By Teachers, For Teachers
Traditionally, the task of turning students into proficient writers has always been considered an English teacher’s job. Therefore, finding innovative ways bout how to teach writing in the ELA classroom appears second nature to most English teachers.
With the impending implementation of the Common Core State Standards, school districts now expect all teachers to play a vital role in honing students’ writing skills by consistently incorporating writing into their lesson planning.
While the how to teach writing expectation doesn’t appear unrealistic, some teachers outside of the ELA content area find themselves in unfamiliar, as well as, uncomfortable territory. This sentiment grows steadily especially among STEM teachers who feel their math and science backgrounds haven’t sufficiently prepared them to teach writing.
Have no fear! The successful integration of writing doesn’t have to be steeped in unease. In fact, employing a few simple tips over a period of time will allow STEM teachers to build a writing program easy to facilitate and maintain.
When planning lessons or introducing new skills and concepts, educators often forget to use some of their most valuable resources – other educators. Reaching out to ELA teachers with established writing programs will save STEM teachers a great deal of time and potentially anxiety as well.
ELA teachers can provide insight into rubric creation, directions and expectations for writing, and proper format for formal essays. They may even share valuable websites and hard copies of handouts to assist planning and lesson execution.
One of the most important components of teaching and learning is knowing the expectations of an assignment. By providing students with samples of a finished product, and in varying levels, they know what they are expected to produce in terms of quality and perhaps even quantity.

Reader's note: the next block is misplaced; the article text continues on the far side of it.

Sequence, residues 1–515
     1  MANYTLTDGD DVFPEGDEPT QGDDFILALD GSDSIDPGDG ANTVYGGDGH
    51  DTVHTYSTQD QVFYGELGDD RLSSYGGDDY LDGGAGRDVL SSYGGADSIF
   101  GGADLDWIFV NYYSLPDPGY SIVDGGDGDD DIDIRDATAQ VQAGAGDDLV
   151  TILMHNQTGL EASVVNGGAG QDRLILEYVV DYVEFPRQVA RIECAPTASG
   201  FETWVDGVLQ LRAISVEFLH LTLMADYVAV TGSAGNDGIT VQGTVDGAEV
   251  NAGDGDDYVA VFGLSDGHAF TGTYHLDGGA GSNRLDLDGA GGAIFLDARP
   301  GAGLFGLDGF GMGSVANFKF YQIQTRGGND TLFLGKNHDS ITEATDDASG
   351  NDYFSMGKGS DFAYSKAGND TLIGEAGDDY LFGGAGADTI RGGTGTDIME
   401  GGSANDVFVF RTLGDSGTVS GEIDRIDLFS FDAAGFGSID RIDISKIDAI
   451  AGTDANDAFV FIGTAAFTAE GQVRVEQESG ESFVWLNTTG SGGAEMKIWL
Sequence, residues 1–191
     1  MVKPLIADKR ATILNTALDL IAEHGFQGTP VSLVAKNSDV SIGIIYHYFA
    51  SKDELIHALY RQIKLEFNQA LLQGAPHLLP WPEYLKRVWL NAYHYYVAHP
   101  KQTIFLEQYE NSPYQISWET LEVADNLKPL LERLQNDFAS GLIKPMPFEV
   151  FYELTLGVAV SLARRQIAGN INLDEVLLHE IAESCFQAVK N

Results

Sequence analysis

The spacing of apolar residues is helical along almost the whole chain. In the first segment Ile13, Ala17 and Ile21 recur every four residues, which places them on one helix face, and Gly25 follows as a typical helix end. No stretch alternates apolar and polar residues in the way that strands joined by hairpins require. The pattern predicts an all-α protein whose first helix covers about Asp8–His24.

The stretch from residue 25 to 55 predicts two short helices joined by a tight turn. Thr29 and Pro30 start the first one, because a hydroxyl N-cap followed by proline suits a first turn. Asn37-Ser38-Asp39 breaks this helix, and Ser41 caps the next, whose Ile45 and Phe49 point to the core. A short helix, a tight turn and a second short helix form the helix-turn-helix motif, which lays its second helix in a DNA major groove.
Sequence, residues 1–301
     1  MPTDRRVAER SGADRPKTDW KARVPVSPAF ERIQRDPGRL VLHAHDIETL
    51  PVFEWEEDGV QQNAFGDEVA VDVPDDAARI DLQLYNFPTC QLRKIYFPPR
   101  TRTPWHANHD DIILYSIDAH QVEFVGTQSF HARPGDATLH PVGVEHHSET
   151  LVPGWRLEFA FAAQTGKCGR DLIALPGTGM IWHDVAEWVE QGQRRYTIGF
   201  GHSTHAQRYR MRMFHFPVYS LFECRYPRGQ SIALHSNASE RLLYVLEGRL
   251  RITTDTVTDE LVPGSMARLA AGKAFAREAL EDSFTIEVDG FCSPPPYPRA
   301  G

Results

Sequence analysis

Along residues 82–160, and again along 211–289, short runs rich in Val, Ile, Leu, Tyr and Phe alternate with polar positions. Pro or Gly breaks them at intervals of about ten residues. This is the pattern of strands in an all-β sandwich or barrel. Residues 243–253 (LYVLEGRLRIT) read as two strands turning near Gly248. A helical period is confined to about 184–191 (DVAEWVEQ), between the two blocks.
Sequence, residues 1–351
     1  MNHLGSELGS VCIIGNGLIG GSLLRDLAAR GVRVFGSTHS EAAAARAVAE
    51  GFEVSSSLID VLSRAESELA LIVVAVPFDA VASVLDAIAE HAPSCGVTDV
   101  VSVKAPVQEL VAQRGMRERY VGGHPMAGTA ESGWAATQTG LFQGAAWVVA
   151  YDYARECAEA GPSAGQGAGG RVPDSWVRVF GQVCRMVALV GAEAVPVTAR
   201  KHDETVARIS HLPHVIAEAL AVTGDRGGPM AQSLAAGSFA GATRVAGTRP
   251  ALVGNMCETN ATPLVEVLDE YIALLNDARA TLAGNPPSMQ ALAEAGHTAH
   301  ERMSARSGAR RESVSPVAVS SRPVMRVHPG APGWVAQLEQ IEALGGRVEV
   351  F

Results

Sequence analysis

Also, determine if they are writing a paragraph or an essay and make sure they know the difference between the two before beginning the assignment. Again, show examples.
Rubrics accomplish two important outcomes.
1. They clearly outline the expectations of the given assignment while creating equitable and fair scoring. Once the product is graded students receive documented feedback regarding the reason for their grade and an appropriate guide to use for the next writing assignment.
2.Moreover, rubrics eliminate possible confusion over what should be graded allowing you to focus solely on the components listed.
Writing assignments in any content area must make sense. Therefore, create meaningful and purposeful assignments based on the current topic of discussion or lesson.
Asking students to write an essay explaining procedure or a process or detailing a lesson taught the previous day in a reflection are just a couple of ways to foster writing in STEM students.
Although commonly used in ELA classes, journals provide students with consistent writing opportunities in STEM classes as well. Use journals to respond to questions, reflect on lessons, assess comprehension of new material and summarize reading.
As with an English or Language arts class, you may explore creative ways to motivate your students to write.
Writing poetry, creating children’s books with illustrations or even writing and performing a play provide creative outlets of expression in classes that typically focus more on analytical and technical strengths. By giving students several options when assigning projects, you offer creative, as well as, traditional options of project completion.
Your more creative students appreciate the options and you receive an array of final projects making grading more interesting. Bear in mind, writing doesn’t always have to be a serious, cumbersome task. With a little effort and sufficient planning, you can make writing effortless, and maybe even enjoyable, for all of your students.
Share your tips for teaching writing across the curriculum!